Message from the CCO President – January 24, 2023
One of the joys of serving as CCO President is to witness first-hand the passion and commitment demonstrated by CCO Council members in the execution of their duties to regulate chiropractic in the public interest. As president, it has been my privilege to help chair productive debate on matters before Council, and to arrive at duly undertaken decisions that serve to strengthen CCO’s overall governance.
While CCO Council has jurisdiction to pass specific by-law amendments unilaterally at any point, it was decided that hearing from and taking into account the widest range of comment on these amendments as they affect the public interest would be optimal.
The amendments were, therefore, published on December 2, 2022
and then distributed to all CCO members and stakeholders with a request for feedback until January 9, 2023. This feedback was incorporated into the publicly available Council information package
for last Friday’s meeting.
The passage of the amendment to By-Law 6 increased to six years from three years the amount of time that must have elapsed since a disciplinary finding or disqualification against any prospective Council candidate or committee appointee. The by-law takes immediate effect.
In the course of a fulsome, well-reasoned and respectful debate on the subject, Council heard that a six-year interval is already the requirement at several other Ontario healthcare colleges, such as the CNO, CPSO, CPO and COO. Extending the interval to six years was deemed to be in the public interest, as findings of professional misconduct or incompetence are serious, and Council must act ethically and with integrity in protecting the interests of the public as a whole.
Consideration was also given to the number of individuals affected by the amendment. The period of ineligibility for 2023 Council election now includes members with disciplinary findings from three – six years ago. A total of 19 members received disciplinary findings in that additional period, and are therefore now ineligible to run until their six-year interval has lapsed.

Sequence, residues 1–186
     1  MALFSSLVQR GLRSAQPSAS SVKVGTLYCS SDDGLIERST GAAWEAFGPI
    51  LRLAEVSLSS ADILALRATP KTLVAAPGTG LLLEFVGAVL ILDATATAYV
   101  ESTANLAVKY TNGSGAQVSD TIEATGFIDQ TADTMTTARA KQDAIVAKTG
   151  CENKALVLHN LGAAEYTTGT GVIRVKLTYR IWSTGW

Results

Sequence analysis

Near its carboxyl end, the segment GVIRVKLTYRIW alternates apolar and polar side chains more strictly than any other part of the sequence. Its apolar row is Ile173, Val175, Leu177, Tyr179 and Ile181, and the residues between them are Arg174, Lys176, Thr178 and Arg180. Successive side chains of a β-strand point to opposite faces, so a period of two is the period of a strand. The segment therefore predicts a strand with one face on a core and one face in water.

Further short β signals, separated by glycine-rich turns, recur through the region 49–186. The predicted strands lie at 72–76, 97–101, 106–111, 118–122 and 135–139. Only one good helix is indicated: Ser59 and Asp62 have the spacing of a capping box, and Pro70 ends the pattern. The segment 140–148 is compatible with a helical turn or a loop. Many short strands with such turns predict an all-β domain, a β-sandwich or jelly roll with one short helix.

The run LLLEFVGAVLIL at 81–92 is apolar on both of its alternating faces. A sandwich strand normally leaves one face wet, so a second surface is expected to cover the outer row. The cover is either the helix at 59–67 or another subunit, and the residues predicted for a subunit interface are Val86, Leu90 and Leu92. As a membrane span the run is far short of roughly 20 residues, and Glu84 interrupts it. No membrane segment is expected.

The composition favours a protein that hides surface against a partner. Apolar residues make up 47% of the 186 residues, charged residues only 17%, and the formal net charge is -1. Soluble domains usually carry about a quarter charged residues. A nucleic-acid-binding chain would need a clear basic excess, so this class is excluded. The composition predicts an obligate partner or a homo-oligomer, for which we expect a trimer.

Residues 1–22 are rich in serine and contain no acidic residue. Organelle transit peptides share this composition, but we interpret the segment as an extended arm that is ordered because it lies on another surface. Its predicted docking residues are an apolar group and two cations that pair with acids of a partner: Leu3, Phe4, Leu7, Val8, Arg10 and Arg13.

Council further considered the timetable for implementing the amendment, in particular with reference to the proximity of upcoming elections. It was noted that given CCO’s staggered terms of office, and the three-year cohort of potentially affected individuals who might wish to be eligible for candidacy, that there would always be a potential impact on an upcoming election cycle regardless of when the amendment was implemented. Moreover, it was argued that if it were in the public interest to amend the by-law, it was equally in the public interest to implement it immediately.
In the end, after thoughtful evaluation and thorough debate, Council passed the amendment by a simple majority. Keen observers of CCO governance will note that as per Section 8.8 of CCO By-law 8
that unless otherwise required by law or by by-law, every question that comes before Council may be decided by a simple majority of the votes cast at the meeting of Council members (and that if there is a tie, the chair may cast a deciding vote).
As president, I want to thank my colleagues on Council — elected and public members alike — for their spirited individual contributions and unity of purpose in holding chiropractic in Ontario to the highest standard. Thank you to stakeholders, including members, for your interest in and engagement with CCO’s regulatory work.
Stay tuned for more information on the upcoming elections for Council, with additional details to follow.